Failte gu Alba

welcome

 

If you’ve ever had the fortune to travel to Scotland, you’ll notice that many of the signs are in two languages. English and Gaelic. Technically, Gaelic is spoken in Man and Ireland, but for my purpose we’re focusing on Scots because that’s where I’ve been. And it’s my favorite.
Gaelic, or Gàidhlig, is a Celtic language spoken by the Gaels. Today only 1.1% still speak the language, mostly in rural areas, but take heart that there is a revival to ensure its survival.

That's a truck loaded with sheep in front of us.

A common road sign in the Highlands. That’s a truck loaded with sheep in front of us.

Glasgow has its own Gaelic school, and there are many churches who have Gaelic speaking congregations. Unfortunately, the Church and Gaelic haven’t always seen eye to eye. The use of English in worship has been suggested as one of the historic reasons for the decline of the language. Yikes!

So, in my single-handed attempt to see this awesome language live on I’m going to impart a few words and phrases for when you want to get your Gael on.

Fàilte – Welcome
Halò – Hello
Slàinte – Health (as in cheers)
Càite bheil an taigh beag? – where’s the toilet?
Tha mo bhàta-foluaimein loma-làn easgannan – my hovercraft is full of eels
Cha b’e sin caora, ‘se sin mo chèile a bha innte! – That was no sheep, that was my spouse!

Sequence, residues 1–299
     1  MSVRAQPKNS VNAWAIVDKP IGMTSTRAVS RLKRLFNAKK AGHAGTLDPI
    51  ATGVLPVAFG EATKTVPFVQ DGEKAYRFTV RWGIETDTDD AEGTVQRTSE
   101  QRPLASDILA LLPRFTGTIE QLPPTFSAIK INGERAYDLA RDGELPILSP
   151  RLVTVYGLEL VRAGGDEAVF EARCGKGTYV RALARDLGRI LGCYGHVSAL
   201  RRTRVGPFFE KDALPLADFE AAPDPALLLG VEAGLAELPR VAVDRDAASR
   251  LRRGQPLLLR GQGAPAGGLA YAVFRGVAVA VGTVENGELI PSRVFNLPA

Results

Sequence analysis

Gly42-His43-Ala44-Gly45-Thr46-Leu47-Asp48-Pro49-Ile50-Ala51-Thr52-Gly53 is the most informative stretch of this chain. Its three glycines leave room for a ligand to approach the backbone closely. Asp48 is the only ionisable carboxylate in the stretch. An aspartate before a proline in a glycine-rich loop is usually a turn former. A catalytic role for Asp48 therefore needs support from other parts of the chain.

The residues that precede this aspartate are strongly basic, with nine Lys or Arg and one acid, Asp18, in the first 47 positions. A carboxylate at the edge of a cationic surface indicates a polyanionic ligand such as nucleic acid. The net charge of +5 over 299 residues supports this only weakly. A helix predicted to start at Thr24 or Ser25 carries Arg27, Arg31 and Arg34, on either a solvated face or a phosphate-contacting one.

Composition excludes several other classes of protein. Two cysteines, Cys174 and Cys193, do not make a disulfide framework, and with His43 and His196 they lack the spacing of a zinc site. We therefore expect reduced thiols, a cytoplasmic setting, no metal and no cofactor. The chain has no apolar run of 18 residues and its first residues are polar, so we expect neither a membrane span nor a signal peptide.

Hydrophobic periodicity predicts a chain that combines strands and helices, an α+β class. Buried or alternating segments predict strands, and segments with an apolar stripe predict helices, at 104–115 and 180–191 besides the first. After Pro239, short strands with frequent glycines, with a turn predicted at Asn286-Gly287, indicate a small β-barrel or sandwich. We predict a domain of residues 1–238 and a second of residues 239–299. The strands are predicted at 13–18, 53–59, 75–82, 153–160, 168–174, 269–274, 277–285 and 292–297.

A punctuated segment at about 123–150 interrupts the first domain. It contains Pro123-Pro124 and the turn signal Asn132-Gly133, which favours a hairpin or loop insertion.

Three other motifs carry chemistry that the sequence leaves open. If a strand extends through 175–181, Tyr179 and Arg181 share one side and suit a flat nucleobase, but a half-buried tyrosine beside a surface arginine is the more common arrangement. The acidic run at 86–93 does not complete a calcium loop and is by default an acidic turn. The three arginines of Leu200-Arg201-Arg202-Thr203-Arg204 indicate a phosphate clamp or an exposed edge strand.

A to Z blog hop at Patterings.

6 Comments

  1. Tom Threadgill

    I struggle with English. No way I could speak something like Gaelic. I’d get my words all tangled and say something like “My spouse is full of eels.”

    Reply
    1. J'nell (Post author)

      I’m sure you could get buy with just offering to buy a round for everyone at the pub. No Gaelic (or eels) required.

      Reply
      1. Tom Threadgill

        I’m in. Do they take real money there? The kind with American presidents on it?

        Reply
        1. J'nell (Post author)

          Um, no. It needs to have the Queen’s head on it. I’m sure they also take gold bars if you have any of those laying around.

          Reply
  2. Kathleen Rouser

    I’ll definitely need the phrase about my hovercraft being full of eels, because I may need a hovercraft to get there. I’ll need the pronunciation key, though, so I don’t accidentally say something like, “Your mother looks like an eel,” or whatever else the pronunciation might be close to. 😉

    Reply
    1. J'nell (Post author)

      I think the pronunciation involves a lot of ‘r’ rolling so I’m in the same boat. We can insult people accidentely together.

      Reply

Leave a Reply to Tom Threadgill Cancel reply

Your email address will not be published. Required fields are marked *